“This is one of those places that continues to be sticky,” Harris-Aikens said. “In our guidance we encourage those in the education system to stay in continuous partnership with local health officials. … I’m not quite sure how you would square it if there is different guidance coming from local health officials, versus from your state health officials, and the CDC.”
Can the CDC give us more information about ventilation?
After their release on Friday, the new guidelines were criticized by some health experts for not treating the issue of school ventilation in more depth, especially given the age of many U.S. school buildings. (The term “ventilation” appears only twice in the guidelines, while the term “distancing” is referenced more than 50 times.)
Superintendents previously interviewed by Education Week have listed ventilation upgrades, particularly the installation and maintenance of high-efficiency particulate air or HEPA filters, as a major cost caused by the pandemic.
The federal leaders referred to this CDC resource page about building ventilation, which outlines steps to improve air flow, central air filtration, and steps for rooms that cannot be easily ventilated.
Will there be any changes coming to the guidance on close contacts?
Some superintendents noted that while they have had few actual positive cases, the protocols for quarantining after a “close contact” with an infected person or suspected case are forcing schools to close because they don’t have enough staff on hand to fill classrooms.
The federal officials suggested improving the monitoring of the remaining four key mitigation strategies and what they learn can inform improvements, such as increasing masking compliance and minimizing teacher interactions. Massetti underscored that research suggests that more COVID-19 spread occurs from adult to adult in a classroom than adult to student or vice versa, or student-to-student.
“Are we really doing masking as well and as consistently we can? Are there any places we can tighten up? Can we minimize teacher interactions? Can we close down the teacher lunchroom?” she suggested.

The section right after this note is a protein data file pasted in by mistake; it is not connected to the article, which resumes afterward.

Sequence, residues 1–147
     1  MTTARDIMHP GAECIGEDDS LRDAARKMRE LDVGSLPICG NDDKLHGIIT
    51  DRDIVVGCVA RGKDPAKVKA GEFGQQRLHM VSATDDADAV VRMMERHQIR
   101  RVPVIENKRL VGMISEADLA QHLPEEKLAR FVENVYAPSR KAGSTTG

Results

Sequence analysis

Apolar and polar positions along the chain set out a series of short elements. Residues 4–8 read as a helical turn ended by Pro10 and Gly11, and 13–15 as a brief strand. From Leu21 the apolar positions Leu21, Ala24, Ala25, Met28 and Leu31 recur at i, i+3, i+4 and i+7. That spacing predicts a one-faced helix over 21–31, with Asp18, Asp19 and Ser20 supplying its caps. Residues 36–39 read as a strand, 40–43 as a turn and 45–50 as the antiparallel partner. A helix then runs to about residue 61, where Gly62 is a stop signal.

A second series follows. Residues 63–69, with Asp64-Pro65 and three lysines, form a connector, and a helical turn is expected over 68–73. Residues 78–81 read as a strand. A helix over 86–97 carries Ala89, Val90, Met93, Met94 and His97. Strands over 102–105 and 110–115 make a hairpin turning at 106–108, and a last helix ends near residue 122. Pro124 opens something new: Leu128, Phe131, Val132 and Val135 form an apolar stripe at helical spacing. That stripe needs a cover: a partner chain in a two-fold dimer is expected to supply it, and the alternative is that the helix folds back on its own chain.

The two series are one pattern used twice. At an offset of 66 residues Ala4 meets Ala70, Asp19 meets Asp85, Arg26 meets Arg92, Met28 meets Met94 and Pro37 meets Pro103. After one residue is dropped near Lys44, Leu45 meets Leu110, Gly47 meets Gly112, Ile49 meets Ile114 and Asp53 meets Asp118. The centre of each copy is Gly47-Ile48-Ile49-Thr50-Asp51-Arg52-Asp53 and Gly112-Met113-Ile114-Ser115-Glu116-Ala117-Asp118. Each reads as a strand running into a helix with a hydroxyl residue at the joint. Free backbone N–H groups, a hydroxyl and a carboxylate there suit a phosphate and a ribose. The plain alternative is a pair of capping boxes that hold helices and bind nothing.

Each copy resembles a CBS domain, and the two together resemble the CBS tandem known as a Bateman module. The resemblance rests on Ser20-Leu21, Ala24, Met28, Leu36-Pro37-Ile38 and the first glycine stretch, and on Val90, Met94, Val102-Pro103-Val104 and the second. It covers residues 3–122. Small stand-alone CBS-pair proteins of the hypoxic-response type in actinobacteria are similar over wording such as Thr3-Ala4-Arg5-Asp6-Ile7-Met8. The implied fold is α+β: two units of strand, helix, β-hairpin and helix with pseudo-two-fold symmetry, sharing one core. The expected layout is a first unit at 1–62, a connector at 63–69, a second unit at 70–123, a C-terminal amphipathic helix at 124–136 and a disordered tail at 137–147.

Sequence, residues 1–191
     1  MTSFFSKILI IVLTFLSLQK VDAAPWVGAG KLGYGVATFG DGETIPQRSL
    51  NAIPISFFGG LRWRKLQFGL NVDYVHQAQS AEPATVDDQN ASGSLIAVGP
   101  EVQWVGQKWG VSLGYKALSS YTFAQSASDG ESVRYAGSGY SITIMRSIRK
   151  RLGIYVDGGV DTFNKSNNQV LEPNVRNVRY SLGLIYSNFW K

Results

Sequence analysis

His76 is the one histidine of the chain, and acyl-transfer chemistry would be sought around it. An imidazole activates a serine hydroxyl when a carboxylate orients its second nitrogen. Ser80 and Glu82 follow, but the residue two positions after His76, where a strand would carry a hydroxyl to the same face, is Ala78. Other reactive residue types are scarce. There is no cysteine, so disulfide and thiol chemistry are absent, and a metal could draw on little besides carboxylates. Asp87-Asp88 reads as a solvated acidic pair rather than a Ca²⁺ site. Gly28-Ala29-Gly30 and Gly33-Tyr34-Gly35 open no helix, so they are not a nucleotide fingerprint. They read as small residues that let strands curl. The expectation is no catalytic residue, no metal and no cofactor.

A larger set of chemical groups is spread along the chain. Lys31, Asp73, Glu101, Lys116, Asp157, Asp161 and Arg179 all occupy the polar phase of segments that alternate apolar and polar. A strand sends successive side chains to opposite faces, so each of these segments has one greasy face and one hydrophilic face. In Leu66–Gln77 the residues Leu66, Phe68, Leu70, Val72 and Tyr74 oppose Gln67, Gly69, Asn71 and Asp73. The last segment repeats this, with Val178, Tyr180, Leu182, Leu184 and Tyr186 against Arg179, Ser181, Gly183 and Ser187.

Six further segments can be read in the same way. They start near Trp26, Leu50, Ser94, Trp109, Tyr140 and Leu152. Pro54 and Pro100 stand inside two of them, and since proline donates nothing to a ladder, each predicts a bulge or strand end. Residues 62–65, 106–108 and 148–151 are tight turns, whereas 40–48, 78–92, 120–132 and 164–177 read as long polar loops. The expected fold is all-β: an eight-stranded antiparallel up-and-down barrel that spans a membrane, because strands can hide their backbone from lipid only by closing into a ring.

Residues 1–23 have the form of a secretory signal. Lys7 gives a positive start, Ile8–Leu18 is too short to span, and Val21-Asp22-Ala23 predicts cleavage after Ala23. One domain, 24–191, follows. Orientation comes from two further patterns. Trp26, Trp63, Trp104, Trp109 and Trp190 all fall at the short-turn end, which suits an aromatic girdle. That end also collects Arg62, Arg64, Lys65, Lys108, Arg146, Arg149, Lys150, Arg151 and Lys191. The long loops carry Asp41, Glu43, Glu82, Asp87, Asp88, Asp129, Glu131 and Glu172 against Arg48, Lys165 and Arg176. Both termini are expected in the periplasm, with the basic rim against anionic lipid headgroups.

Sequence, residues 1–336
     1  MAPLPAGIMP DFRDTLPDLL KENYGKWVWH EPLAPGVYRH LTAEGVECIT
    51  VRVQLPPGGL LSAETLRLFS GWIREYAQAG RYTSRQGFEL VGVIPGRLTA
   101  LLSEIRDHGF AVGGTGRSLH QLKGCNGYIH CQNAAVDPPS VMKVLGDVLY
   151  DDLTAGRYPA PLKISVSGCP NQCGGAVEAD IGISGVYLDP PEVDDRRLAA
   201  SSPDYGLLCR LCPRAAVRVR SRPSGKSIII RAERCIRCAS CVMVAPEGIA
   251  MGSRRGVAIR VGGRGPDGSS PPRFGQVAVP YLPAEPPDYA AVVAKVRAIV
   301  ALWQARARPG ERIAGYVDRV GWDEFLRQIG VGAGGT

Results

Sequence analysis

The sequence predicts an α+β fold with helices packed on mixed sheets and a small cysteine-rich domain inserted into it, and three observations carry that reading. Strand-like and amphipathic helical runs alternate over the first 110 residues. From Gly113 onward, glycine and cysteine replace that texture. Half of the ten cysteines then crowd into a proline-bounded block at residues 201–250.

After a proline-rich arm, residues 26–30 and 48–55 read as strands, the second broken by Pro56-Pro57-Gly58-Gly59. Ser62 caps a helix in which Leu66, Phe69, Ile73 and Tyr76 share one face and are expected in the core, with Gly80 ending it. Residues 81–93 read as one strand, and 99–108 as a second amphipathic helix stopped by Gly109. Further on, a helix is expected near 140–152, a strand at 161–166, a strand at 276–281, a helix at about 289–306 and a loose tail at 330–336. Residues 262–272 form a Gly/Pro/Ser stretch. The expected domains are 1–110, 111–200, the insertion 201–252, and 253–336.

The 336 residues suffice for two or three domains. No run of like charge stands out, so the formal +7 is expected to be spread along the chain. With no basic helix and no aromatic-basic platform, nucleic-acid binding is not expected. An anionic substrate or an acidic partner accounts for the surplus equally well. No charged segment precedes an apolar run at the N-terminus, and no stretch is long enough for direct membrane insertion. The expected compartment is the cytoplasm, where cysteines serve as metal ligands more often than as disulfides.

And if someone does test positive, it’s time to strictly follow the isolation protocols. “As soon as we have a signal that there’s a case, it’s like a fire; you want to ... try to tamp it out before it gets out of control and leads to a school closure,” she said.
Will the guidance need to change because of concerning news about multisystem inflammatory syndrome in children? What about more-contagious COVID-19 variants?
The syndrome, known as MIS-C, is an inflammatory disease that can result in fevers, rashes, and heart conditions.
“At this point in terms of the MIS-C trends, our read of the data is that those are still very fortunately very rare occurrences, but we will need to adjust our guidance if that changes, or if our assessment of risk changes,” Massetti said. “In some communities if the novel variant becomes a predominant variant, that will drive rates of community transmission very high and very rapidly.”
The CDC is monitoring those developments, but if cases and transmission rates rise, she said, it will be more important than ever to try to maintain six feet of social distancing.
Is there a recommended percentage for how much we should be screening or testing students and staff?
While acknowledging that districts have had different capacities to do asymptomatic testing, Massetti recommends that districts prioritize teachers.
“Our guidance recommends at all levels offering screening testing to teachers at least weekly. That’s a minimum given high risk of severe disease among teachers compared to students,” she said. “If schools are able to consider more than once a week, that’s kind of an added layer.”
The CDC doesn’t currently specify a proportion of teachers, or whether districts should test all teachers or a random subsample.
For students, the agency recommends weekly, asymptomatic testing starting at moderate levels of community transmission. They can consider pooled testing or choosing random subsamples of 10 percent of students.
Catherine Gewertz, Senior Contributing Writer contributed to this article.